Mark Twain
The State Historical Society of Missouri's Historic Missourians
Sacred Sun
Harry S. Truman
George Washington Carver
Rose O'Neil
Loading

Frank James (1843 – 1915)

divider
Alexander Franklin James was the older brother of Jesse James. He was born January 10, 1843, to Robert and Zerelda James. Frank, like the rest of his family, was a Confederate sympathizer. He joined a unit of Governor Claiborne Fox Jackson’s Home Guard on May 4, 1861, and fought at the Battle of Wilson’s Creek under General Sterling Price. Because he came down with measles and was left behind, Frank was captured by Union
Union is the term used to identify the United States and its government during the Civil War.
forces. After taking the oath of allegiance to the United States, he was allowed to go home. Afterwards, Frank joined the infamous guerrilla
A guerrilla is someone who fights in a war but is not part of an officially recognized military force. Often outnumbered or facing forces with superior weaponry, guerrillas rely on ambushes, raids, and surprise attacks. Their unconventional style of warfare includes attacking and killing civilians, which conventional militaries typically forbid. One of the most well-known guerrilla raids of the Civil War occurred in 1863 when Confederate guerrillas from Missouri raided Lawrence, Kansas, killed over two hundred men and boys, and burned the town. Guerrillas in Missouri were also called bushwhackers because they frequently launched attacks from heavily wooded areas in order to surprise the enemy and often in hid in rugged, forested terrain that made it difficult for the enemy to pursue them.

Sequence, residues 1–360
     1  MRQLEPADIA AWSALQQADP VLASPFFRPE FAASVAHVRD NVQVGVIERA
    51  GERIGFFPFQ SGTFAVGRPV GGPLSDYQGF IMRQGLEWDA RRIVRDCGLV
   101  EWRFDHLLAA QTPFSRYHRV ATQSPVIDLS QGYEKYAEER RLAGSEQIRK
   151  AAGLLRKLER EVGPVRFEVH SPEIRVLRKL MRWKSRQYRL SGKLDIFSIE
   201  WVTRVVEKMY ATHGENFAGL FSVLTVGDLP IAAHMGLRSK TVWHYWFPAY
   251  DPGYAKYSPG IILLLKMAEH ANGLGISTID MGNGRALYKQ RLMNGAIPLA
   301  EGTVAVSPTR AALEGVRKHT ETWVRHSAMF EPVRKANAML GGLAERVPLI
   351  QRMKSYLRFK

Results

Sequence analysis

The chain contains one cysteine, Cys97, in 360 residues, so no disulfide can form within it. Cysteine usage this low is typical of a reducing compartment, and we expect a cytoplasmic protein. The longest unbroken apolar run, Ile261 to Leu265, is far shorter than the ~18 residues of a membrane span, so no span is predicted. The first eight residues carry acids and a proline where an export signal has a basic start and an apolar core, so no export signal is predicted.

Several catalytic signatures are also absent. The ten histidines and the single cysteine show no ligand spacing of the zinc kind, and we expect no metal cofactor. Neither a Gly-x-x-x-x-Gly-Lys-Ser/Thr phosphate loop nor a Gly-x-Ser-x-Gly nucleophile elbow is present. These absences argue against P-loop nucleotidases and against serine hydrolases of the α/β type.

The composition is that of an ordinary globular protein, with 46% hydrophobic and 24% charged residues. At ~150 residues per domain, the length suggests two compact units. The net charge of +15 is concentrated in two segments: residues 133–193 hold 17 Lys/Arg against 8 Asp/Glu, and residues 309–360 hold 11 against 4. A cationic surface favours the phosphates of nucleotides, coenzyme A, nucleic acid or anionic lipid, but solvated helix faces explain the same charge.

raiders William Clarke Quantrill and William “Bloody Bill” Anderson and participated in various assaults on Union troops.
After the Civil War
The Civil War was a military conflict that began on April 12, 1861, when Southern forces fired on Fort Sumter outside of Charleston, South Carolina. Several Southern states had seceded from the United States (also known as the Union) and formed the Confederate States of America (also referred to as the Confederacy) out of fear that the United States' newly elected president, Abraham Lincoln, would not allow the expansion of slavery into new western states. Battles and skirmishes were fought throughout the country by Union and Confederate forces. General Robert E. Lee surrendered to Union General Ulysses S. Grant at Appomattox, Virginia, on April 9, 1865. As other Confederate forces heard the news of Lee's surrender, they surrendered as well and the war was soon over. Over half a million men were killed or wounded in the war. Thousands of former slaves gained their freedom. After the war, the Thirteenth, Fourteenth, and Fifteenth Amendments to the Constitution were passed prohibiting slavery, providing equal protection for all citizens, and barring federal and state governments from denying citizens the right to vote due to their race, color, or status as a former slave.